This week, the OWCN management team and member organization International Bird Rescue are pleased to host the Global Oiled Wildlife Response System (GOWRS) for a series of meetings, activities and planning.
A collaborative project comprising 11 partner organizations, GOWRS is working to raise the level of oiled wildlife readiness and response and care worldwide. Among its objectives: develop a governance system for the notification and mobilization of international wildlife response resources during large oil spills and establish international standards of animal care. GOWRS also aims to help build or expand response networks in regions that don’t have the capacity to respond to animals in distress.
Facilitated by the Sea Alarm Foundation (Belgium), GOWRS meets twice a year in alternating locations. This was the project’s first visit to California. In addition to SAF, OWCN and IBR leadership, attendees included representatives from Massey University (New Zealand), RSPCA (UK), Aiuka (Brazil), Focus Wildlife (WA state and Canada), PRO Bird (Germany), SANCCOB (South Africa), Tri-State Bird Rescue (Delaware) and WRCO (Belgium).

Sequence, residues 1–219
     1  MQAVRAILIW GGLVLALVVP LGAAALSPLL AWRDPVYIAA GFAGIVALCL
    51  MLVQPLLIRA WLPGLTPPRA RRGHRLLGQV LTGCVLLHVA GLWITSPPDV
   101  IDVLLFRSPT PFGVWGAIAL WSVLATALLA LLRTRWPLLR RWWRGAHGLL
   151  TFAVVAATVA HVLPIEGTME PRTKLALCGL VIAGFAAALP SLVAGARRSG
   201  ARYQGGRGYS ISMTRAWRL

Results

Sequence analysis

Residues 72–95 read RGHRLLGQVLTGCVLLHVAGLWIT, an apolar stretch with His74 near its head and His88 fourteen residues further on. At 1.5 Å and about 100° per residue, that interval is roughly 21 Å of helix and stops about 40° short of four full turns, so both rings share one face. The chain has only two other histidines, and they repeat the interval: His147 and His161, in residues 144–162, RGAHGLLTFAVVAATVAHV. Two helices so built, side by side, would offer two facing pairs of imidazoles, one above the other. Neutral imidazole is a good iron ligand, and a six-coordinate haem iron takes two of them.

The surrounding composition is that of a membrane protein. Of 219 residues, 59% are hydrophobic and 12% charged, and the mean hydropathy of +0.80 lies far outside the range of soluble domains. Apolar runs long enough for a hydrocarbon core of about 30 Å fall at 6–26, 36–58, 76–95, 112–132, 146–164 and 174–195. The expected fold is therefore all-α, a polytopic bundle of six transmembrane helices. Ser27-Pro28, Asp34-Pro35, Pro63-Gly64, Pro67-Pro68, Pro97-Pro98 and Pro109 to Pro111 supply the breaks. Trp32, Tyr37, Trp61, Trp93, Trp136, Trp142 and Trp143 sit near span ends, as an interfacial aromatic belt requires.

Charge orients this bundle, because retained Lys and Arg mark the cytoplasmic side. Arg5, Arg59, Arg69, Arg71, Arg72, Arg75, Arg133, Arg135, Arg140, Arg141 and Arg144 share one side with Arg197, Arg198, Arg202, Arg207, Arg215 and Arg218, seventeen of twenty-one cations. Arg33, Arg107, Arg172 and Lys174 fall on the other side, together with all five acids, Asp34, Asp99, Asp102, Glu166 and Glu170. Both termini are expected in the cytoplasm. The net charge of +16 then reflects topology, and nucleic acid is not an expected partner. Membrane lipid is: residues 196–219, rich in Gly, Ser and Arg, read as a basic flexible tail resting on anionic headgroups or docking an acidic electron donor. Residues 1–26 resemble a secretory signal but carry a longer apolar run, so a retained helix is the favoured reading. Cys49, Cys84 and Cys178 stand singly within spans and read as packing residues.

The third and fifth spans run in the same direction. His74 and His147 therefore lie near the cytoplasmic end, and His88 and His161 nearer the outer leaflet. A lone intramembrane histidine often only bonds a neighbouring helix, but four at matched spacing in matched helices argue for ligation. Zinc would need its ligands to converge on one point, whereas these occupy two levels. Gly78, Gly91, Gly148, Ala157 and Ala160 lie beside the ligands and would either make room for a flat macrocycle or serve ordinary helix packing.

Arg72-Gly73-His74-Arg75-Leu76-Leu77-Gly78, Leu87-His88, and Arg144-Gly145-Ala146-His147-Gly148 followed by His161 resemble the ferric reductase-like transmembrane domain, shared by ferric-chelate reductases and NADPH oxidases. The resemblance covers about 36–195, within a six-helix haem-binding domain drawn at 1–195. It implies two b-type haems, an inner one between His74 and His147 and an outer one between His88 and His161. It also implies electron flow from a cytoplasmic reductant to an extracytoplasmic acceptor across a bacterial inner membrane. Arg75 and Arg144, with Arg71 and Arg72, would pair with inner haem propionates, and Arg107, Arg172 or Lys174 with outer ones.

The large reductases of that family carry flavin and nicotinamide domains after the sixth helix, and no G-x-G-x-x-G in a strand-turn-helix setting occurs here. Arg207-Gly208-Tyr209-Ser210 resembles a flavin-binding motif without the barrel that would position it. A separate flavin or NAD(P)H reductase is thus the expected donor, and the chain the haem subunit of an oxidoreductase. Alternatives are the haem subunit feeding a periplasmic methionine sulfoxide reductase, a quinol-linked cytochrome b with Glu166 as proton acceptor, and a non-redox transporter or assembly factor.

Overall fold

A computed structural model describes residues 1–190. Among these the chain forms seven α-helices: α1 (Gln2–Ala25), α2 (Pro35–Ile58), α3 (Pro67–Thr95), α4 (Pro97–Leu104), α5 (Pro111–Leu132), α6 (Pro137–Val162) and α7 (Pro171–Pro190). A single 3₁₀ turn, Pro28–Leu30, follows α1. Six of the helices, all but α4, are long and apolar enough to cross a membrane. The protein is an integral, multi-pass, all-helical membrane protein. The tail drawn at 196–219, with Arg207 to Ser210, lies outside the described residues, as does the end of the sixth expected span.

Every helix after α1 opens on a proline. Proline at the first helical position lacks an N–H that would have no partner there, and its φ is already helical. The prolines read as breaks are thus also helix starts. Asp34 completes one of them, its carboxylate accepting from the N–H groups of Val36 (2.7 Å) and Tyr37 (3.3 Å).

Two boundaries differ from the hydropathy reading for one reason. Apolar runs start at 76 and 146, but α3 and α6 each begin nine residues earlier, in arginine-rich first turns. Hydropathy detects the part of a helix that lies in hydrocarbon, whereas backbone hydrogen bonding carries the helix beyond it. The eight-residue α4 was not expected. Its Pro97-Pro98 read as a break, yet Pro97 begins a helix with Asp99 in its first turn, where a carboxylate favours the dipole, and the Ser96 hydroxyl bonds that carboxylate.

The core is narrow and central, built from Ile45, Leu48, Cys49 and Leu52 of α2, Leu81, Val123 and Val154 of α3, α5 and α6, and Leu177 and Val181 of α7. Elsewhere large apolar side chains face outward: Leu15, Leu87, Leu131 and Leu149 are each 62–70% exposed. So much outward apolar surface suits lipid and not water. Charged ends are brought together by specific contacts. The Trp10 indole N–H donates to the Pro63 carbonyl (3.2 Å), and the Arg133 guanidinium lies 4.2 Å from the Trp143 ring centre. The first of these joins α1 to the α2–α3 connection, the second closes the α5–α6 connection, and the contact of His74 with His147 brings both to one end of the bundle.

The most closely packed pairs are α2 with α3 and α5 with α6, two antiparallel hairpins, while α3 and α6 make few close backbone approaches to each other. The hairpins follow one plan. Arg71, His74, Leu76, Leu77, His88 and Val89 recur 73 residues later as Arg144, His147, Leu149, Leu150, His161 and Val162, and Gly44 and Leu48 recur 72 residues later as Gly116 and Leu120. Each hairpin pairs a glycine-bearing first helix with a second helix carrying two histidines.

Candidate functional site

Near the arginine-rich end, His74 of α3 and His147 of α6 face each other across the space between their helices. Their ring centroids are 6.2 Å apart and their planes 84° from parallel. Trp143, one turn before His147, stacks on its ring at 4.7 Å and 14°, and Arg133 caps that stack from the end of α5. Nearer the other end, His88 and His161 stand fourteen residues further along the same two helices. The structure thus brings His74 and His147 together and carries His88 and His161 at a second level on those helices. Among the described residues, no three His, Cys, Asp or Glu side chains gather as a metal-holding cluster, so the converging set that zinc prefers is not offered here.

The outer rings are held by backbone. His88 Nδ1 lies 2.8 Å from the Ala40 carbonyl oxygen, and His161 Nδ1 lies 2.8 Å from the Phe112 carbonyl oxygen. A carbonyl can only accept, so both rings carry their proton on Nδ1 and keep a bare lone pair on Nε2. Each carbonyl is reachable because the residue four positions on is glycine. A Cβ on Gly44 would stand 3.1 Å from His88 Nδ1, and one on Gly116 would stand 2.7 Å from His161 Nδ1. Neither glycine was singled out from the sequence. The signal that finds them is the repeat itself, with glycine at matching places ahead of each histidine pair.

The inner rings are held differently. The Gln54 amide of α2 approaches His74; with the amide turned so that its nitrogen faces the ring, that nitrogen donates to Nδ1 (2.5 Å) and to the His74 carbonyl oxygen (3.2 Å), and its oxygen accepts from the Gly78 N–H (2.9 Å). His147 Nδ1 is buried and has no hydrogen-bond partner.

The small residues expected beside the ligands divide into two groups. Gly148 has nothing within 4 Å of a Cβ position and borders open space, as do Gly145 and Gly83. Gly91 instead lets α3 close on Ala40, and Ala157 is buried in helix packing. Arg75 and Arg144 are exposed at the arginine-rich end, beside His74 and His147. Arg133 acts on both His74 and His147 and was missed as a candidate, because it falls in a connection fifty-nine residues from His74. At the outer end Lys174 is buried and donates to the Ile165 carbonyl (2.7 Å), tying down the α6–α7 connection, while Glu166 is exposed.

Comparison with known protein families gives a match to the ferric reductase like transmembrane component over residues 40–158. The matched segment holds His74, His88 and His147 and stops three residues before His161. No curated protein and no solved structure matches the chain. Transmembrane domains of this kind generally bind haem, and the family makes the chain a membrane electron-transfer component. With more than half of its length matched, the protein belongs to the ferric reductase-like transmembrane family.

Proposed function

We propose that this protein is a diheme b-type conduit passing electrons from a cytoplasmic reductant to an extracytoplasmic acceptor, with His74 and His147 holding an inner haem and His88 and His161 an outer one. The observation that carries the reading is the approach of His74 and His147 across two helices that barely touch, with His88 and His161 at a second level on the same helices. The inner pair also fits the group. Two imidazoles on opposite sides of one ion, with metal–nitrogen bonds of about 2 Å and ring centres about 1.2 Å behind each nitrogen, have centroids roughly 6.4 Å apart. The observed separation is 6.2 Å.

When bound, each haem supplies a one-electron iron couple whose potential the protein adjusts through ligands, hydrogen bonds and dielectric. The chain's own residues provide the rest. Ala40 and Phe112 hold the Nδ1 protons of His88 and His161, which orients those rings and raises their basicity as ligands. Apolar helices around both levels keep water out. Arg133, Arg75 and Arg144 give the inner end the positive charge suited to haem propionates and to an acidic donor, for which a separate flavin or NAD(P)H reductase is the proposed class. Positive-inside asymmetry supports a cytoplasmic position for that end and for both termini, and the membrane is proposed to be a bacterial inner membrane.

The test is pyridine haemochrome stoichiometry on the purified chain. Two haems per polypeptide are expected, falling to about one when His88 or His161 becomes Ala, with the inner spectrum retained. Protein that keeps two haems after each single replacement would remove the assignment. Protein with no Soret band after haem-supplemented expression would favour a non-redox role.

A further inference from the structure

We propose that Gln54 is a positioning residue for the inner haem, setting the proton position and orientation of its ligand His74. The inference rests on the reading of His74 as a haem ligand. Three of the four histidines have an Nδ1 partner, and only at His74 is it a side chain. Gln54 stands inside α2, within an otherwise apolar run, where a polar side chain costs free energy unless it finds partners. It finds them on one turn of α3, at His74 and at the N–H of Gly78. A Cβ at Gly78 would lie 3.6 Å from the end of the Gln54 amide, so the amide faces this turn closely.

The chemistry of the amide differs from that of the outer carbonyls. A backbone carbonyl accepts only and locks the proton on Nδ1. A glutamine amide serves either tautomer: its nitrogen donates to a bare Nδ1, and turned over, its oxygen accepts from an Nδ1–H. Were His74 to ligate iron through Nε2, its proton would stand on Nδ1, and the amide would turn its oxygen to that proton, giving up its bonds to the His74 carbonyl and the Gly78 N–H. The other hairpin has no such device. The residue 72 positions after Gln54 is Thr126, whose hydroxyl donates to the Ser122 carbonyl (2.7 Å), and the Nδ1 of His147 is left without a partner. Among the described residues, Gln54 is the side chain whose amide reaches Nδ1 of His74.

“This is an entity that brings in new ideas from all around the world,” said Curt Clumpner, OWCN deputy director of animal care operations. “Learning how one another’s organizations approach different kinds of problems and care for different species makes us all stronger as a global response system and as individual organizations.”
Among the week’s agenda items: discussion of governance issues critical to efficient emergency response built on trust and teamwork, tabletop readiness exercises for spill scenarios occurring in Malaysia, Denmark and Kazakhstan, meeting OWCN management and IBR staff, and taking tours of the OWCN “boneyard’ equipment facility and the San Francisco Bay Oiled Wildlife Care and Education Center managed by IBR. Chevron and ExxonMobil representatives from GOWR’s Industry Advisory Group will join meetings on Friday.
As you might imagine, many of the representatives are fanatical birders. So fittingly, the visit will come to a close with a pelagic birding trip out of Half Moon Bay, a small coastal city about 25 miles south of San Francisco. GOWRS will meet next in the fall.